Raul Meireles has been fashioning a name for himself on Merseyside with his goals and his dress sense. The Portuguese midfielder talks to Duncan Castles.
Unusual Meireles not out of place at Liverpool
In his hometown of Oporto, Portugal, Raul Meireles once owned, managed and chose the gear for a high-end fashion store by the name of Metropolis. You sense there would have been a problem persuading his Liverpool teammates to shop there.
"What is this for?" Pepe Reina asked as Meireles posed for photographs by the Melwood training ground boot room. A newspaper interview, comes the reply, prompting the goalkeeper to respond: "And this shirt is allowed?"
Meireles was kitted out in tight-fitting French sailor shirt, blue-and-white hoops ending mid-arm to expose intricately interlaced tattoos that include an image of wife Ivone. The faded jeans are drainpipe, the footwear battered canvas. The 27-year-old midfielder would not look out of place at university studying a postgraduate arts degree, but he does at Liverpool Football Club.
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"I like English fashion, but the fashion of the university students," Meireles said. "But I come to the dressing room and nobody dresses like me. The players look at me and it's: 'What?'
"But I don't change. If I'm a player why can't I dress in the British style? I think this is the British style. Maybe I'm wrong."
Unusual and unpredicted; just like the Portugal international's recent feats on the football field. When Meireles arrived at Liverpool last summer in a €13 million (Dh65m) move from Porto he had constructed a reputation for himself as one of Europe's finest box-to-box midfielders, winning four league titles and a World Cup starter's shirt with an intelligent, high-energy game.
A sweeper in his youth-international days, what nobody had seen in his game were the fundamentals of a prodigious scorer. Then Kenny Dalglish returned as Liverpool manager, examined his squad for an individual capable of playing behind a striker, and decided that Meireles's ability to pick a pass and the right position to run into was worth a risk.
What followed was a run of five goals in six unbeaten games, earning Liverpool 14 points from 18 and including a memorable winner at Stamford Bridge against Chelsea. So readily had Meireles adapted to the new role that he had established himself as Liverpool's leading league scorer, with more goals in those six matches than he had managed in an entire club season before.
A natural finisher perhaps, yet Meireles refuses to adopt the trappings of one. He credits the hard work of his teammates and the success of a three-centre-back formation that confused Premier League opponents accustomed to regulation flat-back fours.
Meireles said: "It's not my job. People say 'Hey you, you are scoring goals, you are …' No, I'm not Stevie Gerrard. OK, Stevie is a midfield player but he scored a lot of goals, these are his qualities. Not me, I'm not this player."
His enthusiasm for the city of Liverpool is similarly effusive. He lives centrally, enjoys exploring its streets on foot, and though the goals have removed the relaxing anonymity of his early months on Merseyside, he appreciates the politeness with which supporters request pictures and autographs. He even likes the dialect that six-year-old Lara is making her own.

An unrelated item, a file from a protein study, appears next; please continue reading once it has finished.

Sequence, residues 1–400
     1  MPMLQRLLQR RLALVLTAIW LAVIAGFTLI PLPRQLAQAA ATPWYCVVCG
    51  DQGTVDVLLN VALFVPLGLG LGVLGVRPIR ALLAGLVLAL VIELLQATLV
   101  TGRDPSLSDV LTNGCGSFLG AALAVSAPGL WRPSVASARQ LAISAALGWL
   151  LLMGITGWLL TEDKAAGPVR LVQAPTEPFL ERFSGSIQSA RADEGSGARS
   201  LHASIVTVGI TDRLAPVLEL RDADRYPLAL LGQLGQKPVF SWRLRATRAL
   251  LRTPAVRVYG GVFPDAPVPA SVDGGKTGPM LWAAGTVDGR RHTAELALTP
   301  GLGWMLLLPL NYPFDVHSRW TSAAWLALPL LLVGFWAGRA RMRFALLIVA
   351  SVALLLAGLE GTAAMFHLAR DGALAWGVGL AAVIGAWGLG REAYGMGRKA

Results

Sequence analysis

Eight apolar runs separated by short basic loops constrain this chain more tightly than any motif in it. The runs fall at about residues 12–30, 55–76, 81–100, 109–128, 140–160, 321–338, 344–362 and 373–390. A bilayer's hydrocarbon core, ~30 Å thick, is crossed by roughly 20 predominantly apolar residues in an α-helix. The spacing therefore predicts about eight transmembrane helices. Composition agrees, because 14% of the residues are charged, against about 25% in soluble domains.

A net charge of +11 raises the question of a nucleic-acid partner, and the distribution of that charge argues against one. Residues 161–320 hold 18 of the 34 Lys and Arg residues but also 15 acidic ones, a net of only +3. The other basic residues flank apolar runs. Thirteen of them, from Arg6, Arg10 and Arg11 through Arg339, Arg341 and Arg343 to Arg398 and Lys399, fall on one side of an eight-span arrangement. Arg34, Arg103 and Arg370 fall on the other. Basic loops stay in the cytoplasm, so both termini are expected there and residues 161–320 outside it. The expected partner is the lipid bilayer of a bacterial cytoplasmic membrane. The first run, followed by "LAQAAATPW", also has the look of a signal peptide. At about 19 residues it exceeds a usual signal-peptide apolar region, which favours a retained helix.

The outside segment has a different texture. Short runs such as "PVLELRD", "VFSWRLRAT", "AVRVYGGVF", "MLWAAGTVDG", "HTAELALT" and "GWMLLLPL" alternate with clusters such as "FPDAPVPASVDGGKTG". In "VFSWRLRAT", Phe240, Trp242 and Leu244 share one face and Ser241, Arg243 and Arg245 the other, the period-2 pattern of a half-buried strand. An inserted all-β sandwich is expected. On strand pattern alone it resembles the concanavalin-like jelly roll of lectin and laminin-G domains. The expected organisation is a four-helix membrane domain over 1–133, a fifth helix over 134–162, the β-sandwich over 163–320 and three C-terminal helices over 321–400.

"My daughter started to speak like a little Scouser - with the accent, really nice," he said. "And I love Liverpool; this is a really big club .
"You know I always dreamed of playing in the Premier League, but I didn't dream of playing in Liverpool or Manchester or Chelsea. No, I just wanted to play in Premier League. But in Liverpool is the best. Every game that you play the supporters are … well, it's unbelievable. I really enjoy playing here."
When he joined during the troubled final summer of Tom Hicks and George Gillett’s ownership there was an informal agreement to extend Meireles’ contract if the first season went well. He’d be delighted to see the new regime honour it. “If I had this opportunity I’d sign a new contract today. Ten, 20 years. Yeah, for sure.”
There’s been just one negative to Meireles’ move to Merseyside. He has been unable to add to the corporeal gallery of tattoos that opened when he and Ivone visited the same Porto artist as 18-year-old partners and is now so detailed Meireles cannot number the designs.
“I really miss it,” he exclaims. “It’s like I’m hungry to do a tattoo, like it’s a vice. Some people have vices, addictions. My wife has been one week in Portugal, did tattoos, and came home and teased me: ‘Hey, do you like it?!’ I need to do it.”
And Liverpool need Meireles.
Luis Suarez v Wes Brown
Two season’s ago, Wes Brown was England’s first-choice right-back, now he’s United’s fifth-choice centre-back. Despite his diminished reputation, Brown can be a solid defender on his day and he’ll have his hands full alongside Chris Smalling with the lively Uruguayan striker Suarez, below, and possibly the towering Andy Carroll as well, to deal with.
Kenny Dalglish has gone back to the 1990s with his 5-3-2 formation. United usually play 4-5-1 in big away games, which would see Liverpool’s three centre-halves marking one striker – and result in a packed midfield.
Between 2004 and 2009, United were unbeaten at Liverpool, winning five of six, but they have lost their last two games at Anfield. In the all-time tally between the two, United lead with 60 league wins to 52, from 155 games.
Liverpool (5-3-2): Reina; Johnson, Carragher, Kyrgiakos, Skrtel, Aurelio; Lucas, Gerrard, Meireles; Kuyt, Suarez
Man United (4-5-1); Van der Saar; O’Shea, Smalling, Brown, Evra; Scholes, Carrick, Fletcher, Giggs, Nani; Rooney
• This is the 20th league match between managers Kenny Dalglish and Sir Alex Ferguson. “King Kenny” has four wins, “Fergie” has seven
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